What Happens to a Military Pension in Divorce?

Courts can divide military pensions during divorce

​During a divorce proceeding, the court has the power to divide and assign marital property between spouses. Washington, DC is an “equitable distribution” state, which means that when dividing marital property during a divorce, the court will divide the assets and debts in a manner that is fair and equitable under the circumstances. Generally, marital property includes all income, debts, and assets that were acquired during the marriage, regardless of how they are titled.  While some gifts and inheritances that were given to only one spouse during the marriage may remain separate property, almost every other asset, including retirement accounts, will be considered marital property. Military pensions are no exception.   Most active duty military service members who have served for at least 20 years are eligible to receive a pension immediately upon retirement.  Members of the reserves and National Guard may also be eligible to receive a pension at age 60 after they have acquired a sufficient number of “points” toward retirement. Military pensions can amount to significant assets for divorcing couples and the issue of dividing the pension should be addressed at the time of the initial divorce so that the issue is not inadvertently waived by the non-member spouse. 

The Uniformed Services Former Spouse Protection Act  ("USFSPA")

The Uniformed Services Former Spouse Protection Act (“USFSPA”) is a federal law that allows state courts to award former military spouses a portion of the service member’s “disposable retired pay” according to the applicable state law. The amount awarded to the former spouse is determined either by agreement of the parties or by the court. If the parties are unable to agree, the judge in a Washington DC divorce action will determine the amount of the award based on the principles of equitable distribution, just like other marital assets.  Most likely, the judge will consider the amount of the pension, the length of the marriage, and the availability of other retirement funds. Significantly, the USFSPA excludes several types of military pay from “disposable retired pay” including: (1) military disability retirement pay, and (2) VA disability compensation. These types of retirement pay are not subject to division in a divorce. Former spouses should be aware that eligible service members can elect to waive a portion of their regular retirement pay in order to receive these disability payments instead, thus reducing the former spouse’s share of the divided pension. If this were to happen, the former spouse should ask the court to consider awarding spousal support or some other marital assets to offset this loss.  If the divorce occurs before the service member is retirement-eligible and the former spouse is concerned that the service member spouse might waive retirement pay in the future, the non-military spouse could seek to include a special provision in the divorce decree that would award spousal support in the future in the event of a retirement pay waiver.  Alternatively, the non-military spouse could ask the court to retain jurisdiction over the divorce so that the court could order spousal support in the future, if it becomes necessary.  Regardless of the course of action chosen by the parties, it would be wise to raise the issue at the time of the divorce so that the issue is not waived.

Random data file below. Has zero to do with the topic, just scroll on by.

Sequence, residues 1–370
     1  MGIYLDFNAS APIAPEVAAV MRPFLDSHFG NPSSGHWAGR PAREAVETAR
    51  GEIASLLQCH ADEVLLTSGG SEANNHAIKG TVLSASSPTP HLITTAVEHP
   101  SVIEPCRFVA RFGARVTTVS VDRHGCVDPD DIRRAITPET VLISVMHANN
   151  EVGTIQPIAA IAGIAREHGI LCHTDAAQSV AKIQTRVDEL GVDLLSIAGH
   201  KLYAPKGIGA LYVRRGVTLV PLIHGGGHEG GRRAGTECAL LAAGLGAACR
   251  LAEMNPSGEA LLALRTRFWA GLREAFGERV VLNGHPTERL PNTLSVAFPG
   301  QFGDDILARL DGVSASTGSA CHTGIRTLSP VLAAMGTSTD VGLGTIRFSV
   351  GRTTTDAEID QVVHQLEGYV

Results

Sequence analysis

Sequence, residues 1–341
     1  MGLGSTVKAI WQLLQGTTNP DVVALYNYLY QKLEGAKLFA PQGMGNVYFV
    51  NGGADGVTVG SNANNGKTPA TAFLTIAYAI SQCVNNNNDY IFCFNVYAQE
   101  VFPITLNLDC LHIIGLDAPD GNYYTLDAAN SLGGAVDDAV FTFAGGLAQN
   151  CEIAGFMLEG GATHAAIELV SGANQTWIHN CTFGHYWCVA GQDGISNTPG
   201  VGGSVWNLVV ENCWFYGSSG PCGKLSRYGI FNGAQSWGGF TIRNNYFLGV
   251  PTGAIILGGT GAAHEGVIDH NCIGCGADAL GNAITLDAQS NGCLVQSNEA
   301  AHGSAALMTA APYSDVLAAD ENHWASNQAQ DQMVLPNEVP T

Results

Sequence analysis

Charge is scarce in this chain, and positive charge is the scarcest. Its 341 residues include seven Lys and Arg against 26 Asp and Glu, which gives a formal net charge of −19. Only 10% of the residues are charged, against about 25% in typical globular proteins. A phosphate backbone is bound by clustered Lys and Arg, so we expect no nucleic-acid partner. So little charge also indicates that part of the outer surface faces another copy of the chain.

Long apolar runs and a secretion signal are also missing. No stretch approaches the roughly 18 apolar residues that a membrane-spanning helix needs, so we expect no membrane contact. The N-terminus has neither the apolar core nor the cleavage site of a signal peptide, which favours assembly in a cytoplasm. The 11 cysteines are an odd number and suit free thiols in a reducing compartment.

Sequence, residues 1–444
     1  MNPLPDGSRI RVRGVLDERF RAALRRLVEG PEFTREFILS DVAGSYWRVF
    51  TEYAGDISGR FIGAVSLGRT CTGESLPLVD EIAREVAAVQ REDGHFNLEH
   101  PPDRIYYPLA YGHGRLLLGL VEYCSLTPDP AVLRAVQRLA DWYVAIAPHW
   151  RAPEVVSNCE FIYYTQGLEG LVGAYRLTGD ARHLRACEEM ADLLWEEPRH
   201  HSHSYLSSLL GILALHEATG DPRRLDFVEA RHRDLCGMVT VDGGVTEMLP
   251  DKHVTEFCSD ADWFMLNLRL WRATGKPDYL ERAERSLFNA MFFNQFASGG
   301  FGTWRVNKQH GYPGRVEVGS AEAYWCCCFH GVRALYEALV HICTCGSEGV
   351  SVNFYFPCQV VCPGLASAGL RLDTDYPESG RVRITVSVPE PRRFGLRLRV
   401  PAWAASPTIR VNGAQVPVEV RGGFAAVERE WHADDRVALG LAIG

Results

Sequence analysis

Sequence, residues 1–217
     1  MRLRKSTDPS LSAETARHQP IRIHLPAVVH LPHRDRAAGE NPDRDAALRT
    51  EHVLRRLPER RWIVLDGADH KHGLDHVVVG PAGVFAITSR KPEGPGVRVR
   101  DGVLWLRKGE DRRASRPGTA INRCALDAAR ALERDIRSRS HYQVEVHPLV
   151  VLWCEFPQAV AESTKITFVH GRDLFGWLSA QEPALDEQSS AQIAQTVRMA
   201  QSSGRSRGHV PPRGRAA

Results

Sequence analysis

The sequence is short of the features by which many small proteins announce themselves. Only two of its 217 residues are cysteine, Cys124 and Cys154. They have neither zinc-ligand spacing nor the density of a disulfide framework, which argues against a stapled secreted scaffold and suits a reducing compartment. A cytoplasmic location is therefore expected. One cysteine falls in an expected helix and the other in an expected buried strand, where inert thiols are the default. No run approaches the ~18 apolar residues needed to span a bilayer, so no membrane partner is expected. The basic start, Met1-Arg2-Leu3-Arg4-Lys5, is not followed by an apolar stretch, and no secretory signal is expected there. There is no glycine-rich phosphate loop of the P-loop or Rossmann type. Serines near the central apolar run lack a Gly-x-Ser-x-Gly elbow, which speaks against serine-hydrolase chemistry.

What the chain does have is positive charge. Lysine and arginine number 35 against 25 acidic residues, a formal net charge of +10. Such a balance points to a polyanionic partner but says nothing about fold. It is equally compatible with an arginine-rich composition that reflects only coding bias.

The 10-10-10 Rule

     Once the judge has determined how a military pension will be divided, the court can issue a “Military Pension Division Order.”  The agency that is responsible for issuing military retirement pay, the Defense Finance Accounting Service (DFAS) might not be able to issue the former spouse her portion of the pension directly, unless the former spouse meets the requirements of the “10-10-10 rule.”  In order to qualify for direct distribution of military pension payments, the 10-10-10 rule requires that the couple was married for at least 10 years and that at least 10 years of the marriage occurred during the 10 years or more that the service member was serving in the military.  If the rule has been met, the former spouse can send a certified copy of the Military Pension Division Order to the Uniformed Services Designated Agent, along with the DD Form 229333 “Application for Former Spouse Payments from Retirement Pay.” After the form is processed, the government will make payments directly to the non-military spouse, and each party will receive an IRS Form 1099-R for the retirement benefits they receive.

 Significantly, the 10-10-10 Rule applies only to the method of payment of the divided retirement benefit and does not impact the entitlement to the benefit itself.  For those who do no meet the requirements of the rule, the court can still issue the order dividing the retirement benefit, but the full payment will go to the military spouse and it will be up to him or her to make monthly payments to the non-military spouse.  Especially if the amount of the non-military spouse’s benefit is relatively small, the parties may find that the perpetual entanglement of this monthly check-writing process may not be worth the hassle. Alternatively, the parties could agree to replace the perpetual payment options with some equivalent asset.  ​